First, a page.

RFI (French) reports that over the weekend, Nigerien soldiers in the northeast of their country clashed with armed Chadian bandits. The bandits reportedly fled toward the Nigerien border.
The incident reminds me of a quote (French) I’ve come back to again and again, from Mohamed Anacko, president of Agadez’s regional council. This came in the context of discussing France’s Sahel-wide counterterrorism program, Operation Barkhane, in a 2015 interview:
First of all, I should say that if Barkhane had not been there, the last Nigerien lock would have been forced open during the war in Mali. The national army would not have been able to prevent the terrorists from coming to set up shop in the north. But it is true that from the start, Barkhane suffered from a lack of communication. When you send helicopters and planes into the desert, without having created an information mechanism, you should expect that the populations will see a new form of colonialism in it…The inhabitants do not understand that Barkhane only takes action against certain armed groups. There are gangs, coming from Chad or Sudan for example, that practice looting, particularly since gold panning became important. But Barkhane, because that is not its mission, does not take an interest in them. Neither do the Nigerien security forces, moreover. However, these are the persons who create conditions propitious for the installation of terrorism. The risk is that the population will create militias to defend itself. What’s more, the struggle against terrorism, it’s first of all about intelligence. There must be collaboration with the inhabitants, who know the region. If not, Barkhane will have to content itself with doing tourism in the desert.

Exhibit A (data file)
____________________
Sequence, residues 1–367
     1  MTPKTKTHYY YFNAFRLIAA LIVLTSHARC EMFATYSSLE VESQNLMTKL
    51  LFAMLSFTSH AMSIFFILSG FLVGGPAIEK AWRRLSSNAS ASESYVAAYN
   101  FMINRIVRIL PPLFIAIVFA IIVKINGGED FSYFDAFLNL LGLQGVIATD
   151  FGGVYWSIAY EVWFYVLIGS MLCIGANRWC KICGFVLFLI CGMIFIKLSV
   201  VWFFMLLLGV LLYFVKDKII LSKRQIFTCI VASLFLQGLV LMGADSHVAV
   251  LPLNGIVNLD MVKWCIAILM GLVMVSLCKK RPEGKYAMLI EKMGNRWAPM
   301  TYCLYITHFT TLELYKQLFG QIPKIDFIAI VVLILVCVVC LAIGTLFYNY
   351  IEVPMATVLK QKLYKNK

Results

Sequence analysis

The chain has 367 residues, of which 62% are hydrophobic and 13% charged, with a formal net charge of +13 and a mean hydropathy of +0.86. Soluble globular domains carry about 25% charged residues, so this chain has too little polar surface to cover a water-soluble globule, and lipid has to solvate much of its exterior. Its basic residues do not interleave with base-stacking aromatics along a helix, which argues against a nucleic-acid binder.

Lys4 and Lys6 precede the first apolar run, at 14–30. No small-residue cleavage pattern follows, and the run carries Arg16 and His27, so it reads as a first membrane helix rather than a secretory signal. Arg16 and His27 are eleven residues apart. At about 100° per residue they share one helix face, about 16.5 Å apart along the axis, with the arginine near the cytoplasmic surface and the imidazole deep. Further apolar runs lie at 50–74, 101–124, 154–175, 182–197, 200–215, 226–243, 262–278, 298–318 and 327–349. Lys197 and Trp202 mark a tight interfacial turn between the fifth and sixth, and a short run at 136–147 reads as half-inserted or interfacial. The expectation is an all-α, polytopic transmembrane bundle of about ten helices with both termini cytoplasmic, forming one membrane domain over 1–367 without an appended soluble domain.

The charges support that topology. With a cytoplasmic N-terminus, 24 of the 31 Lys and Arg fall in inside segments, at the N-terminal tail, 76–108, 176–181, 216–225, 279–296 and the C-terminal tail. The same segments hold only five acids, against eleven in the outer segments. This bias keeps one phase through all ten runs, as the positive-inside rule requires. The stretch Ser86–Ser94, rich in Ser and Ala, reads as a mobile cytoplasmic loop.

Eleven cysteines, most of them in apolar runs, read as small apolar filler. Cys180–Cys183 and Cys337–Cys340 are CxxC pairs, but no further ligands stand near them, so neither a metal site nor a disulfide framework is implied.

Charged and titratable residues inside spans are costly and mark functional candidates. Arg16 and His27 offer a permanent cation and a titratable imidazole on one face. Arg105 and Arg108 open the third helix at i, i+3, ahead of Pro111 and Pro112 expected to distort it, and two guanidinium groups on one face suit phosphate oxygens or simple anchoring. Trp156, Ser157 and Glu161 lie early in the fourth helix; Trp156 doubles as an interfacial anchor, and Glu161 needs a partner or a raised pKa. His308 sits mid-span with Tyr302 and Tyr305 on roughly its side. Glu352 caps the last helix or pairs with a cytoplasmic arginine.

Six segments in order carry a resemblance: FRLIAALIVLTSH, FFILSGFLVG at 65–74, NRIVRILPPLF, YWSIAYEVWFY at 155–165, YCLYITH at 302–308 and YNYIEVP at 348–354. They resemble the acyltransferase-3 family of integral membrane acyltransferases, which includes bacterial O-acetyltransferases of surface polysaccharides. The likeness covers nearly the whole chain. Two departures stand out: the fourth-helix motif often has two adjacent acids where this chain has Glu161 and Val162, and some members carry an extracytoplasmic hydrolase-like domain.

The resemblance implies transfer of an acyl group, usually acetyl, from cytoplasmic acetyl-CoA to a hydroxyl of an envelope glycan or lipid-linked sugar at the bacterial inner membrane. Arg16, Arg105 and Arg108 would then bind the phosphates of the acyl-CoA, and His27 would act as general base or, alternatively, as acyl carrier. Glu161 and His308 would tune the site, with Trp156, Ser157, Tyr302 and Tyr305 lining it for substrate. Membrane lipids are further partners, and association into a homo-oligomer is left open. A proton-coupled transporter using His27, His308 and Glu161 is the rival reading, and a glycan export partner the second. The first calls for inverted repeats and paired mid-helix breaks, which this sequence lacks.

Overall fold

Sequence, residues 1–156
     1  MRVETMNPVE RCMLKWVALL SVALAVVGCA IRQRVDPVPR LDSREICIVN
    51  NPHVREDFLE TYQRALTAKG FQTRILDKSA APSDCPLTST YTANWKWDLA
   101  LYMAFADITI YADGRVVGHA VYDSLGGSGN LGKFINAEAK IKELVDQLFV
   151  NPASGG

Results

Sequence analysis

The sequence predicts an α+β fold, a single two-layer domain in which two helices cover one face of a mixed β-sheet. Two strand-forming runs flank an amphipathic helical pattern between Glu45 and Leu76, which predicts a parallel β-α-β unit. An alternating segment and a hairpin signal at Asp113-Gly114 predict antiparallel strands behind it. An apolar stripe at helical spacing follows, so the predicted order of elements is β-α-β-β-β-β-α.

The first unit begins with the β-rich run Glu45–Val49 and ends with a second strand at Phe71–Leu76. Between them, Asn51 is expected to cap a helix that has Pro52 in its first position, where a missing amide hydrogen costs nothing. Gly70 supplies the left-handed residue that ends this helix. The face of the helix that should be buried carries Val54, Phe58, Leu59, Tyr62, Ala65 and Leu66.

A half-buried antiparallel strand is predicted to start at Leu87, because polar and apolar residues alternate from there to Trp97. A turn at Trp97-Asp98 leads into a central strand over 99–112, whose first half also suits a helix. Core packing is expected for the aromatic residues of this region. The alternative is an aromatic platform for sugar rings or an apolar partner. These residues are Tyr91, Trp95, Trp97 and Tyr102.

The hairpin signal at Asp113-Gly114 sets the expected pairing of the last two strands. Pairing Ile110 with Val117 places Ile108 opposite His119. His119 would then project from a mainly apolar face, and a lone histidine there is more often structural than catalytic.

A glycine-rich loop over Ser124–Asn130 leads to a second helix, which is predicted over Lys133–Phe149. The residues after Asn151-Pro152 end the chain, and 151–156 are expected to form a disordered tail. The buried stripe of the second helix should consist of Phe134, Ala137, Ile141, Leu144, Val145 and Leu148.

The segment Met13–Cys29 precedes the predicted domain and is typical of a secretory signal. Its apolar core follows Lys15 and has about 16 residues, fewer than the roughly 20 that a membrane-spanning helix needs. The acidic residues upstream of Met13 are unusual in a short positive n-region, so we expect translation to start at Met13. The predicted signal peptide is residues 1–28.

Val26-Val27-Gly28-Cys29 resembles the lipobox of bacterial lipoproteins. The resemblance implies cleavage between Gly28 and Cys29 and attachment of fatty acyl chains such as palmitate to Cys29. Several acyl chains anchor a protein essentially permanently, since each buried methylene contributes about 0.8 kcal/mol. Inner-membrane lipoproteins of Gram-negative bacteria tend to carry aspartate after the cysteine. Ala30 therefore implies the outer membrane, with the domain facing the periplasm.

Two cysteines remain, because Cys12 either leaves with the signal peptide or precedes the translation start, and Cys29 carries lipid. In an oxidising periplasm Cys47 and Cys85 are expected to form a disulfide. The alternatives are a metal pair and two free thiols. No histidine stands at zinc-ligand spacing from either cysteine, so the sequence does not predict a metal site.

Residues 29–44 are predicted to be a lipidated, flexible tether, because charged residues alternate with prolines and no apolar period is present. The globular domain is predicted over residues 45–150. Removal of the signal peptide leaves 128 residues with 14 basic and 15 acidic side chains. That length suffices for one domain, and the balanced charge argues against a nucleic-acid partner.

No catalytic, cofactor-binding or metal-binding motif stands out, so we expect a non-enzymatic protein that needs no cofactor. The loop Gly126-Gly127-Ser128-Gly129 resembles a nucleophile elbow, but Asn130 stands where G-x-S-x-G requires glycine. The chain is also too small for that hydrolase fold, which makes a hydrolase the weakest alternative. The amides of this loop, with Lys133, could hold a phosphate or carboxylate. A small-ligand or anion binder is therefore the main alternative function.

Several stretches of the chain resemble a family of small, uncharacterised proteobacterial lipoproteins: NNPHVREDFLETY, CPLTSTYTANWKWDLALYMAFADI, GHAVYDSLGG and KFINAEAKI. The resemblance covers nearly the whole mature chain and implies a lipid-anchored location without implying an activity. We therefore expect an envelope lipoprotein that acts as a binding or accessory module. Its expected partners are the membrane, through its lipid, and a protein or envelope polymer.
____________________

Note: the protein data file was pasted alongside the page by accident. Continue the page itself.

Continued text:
Words worth reflecting on.
It’s been a while (.pdf, p. 13) since I’ve written about the periodic waves of strikes by professionals and students in Chad. Here is a recent strike worth noting (French):
On Thursday, 31 May, Chadian lawyers, bailiffs, and notaries joined magistrates in a country-wide strike in order to support a lawyer who was taken to task by security forces…The magistrates decided on the “cessation of all activities throughout the national territory” to protest against the aggression against a lawyer and his clients by the security forces on 22 May in Doba.
RFI (French) provides more details on the incident in Doba:
The Chadian judicial system is today paralyzed by an affair that has shaken it since 22 May. That Tuesday, in Doba, in the south of the country, the justice system released three men accused by the city’s highest political and military authorities of “complicity in associating with wrongdoers” linked with a murky affair of alleged arms possession. Except that the men were then attacked by gendarmes, arrested and beaten up publicly. The affair has since taken on a national dimension…Meeting in general assembly that Sunday, the Order of Lawyers decided to launch a strike in the tribunals for three days, together with a condition: that three high authorities of the oil town of Doba, including the governor and the head of the legion of the gendarmerie, be relieved of their functions and judged.
At least one source (French) reports that the governor has been sacked by presidential decree. If true, that would be a sign of the presidency’s real concern over these strikes. After all, these judicial personnel are highly educated and well-placed people making extremely serious and specific political demands. It’s not easy to ignore them.
I’m up at Foreign Policy today with an article on how Chad is reacting to the Trump administration’s travel ban. As always, I welcome your thoughts and feedback in the comments section here.
I’m up at Global Observatory with a piece on Chad. Here’s an excerpt:
The Chadian government is also asking Western and African donors for more development funding. Chad will hold a roundtable in Paris in September to seek contributions for its newly adopted national development plan. Potential partners have already shown a willingness to participate: Deby recently hosted the vice president of the African Development Bank, which is financing projects in Chad’s electricity sector; the Bank confirmed that it will attend the Paris roundtable. The adoption of the development plan was one factor in the IMF’s decision to grant a new loan. The IMF did not make any allusion to Chad’s role in regional security, but other actors are clearly aware of the bargaining power that Chad has with donors because of its security role. Meeting the committee organizing the roundtable, France’s ambassador to Chad asked the Chadian government—according to the paraphrase of a Chadian news site—“to avoid playing the security card.” But the card has already been played, and with effect.